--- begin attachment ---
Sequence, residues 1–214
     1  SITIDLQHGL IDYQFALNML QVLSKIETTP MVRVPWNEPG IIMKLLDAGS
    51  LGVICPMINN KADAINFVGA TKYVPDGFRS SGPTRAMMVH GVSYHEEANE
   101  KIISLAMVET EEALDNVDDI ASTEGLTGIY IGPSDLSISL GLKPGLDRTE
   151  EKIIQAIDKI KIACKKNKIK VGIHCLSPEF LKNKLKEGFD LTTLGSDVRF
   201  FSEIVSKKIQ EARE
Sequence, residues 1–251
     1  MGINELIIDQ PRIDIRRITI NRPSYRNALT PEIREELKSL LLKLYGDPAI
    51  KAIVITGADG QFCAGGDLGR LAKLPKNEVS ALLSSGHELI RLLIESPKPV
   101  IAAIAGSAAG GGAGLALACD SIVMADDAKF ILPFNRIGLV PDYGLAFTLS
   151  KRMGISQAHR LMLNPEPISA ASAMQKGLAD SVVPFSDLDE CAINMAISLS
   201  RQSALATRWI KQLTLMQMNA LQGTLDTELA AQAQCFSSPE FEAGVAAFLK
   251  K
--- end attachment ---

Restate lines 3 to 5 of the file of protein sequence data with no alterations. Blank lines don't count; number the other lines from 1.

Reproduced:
    51  LGVICPMINN KADAINFVGA TKYVPDGFRS SGPTRAMMVH GVSYHEEANE
   101  KIISLAMVET EEALDNVDDI ASTEGLTGIY IGPSDLSISL GLKPGLDRTE
   151  EKIIQAIDKI KIACKKNKIK VGIHCLSPEF LKNKLKEGFD LTTLGSDVRF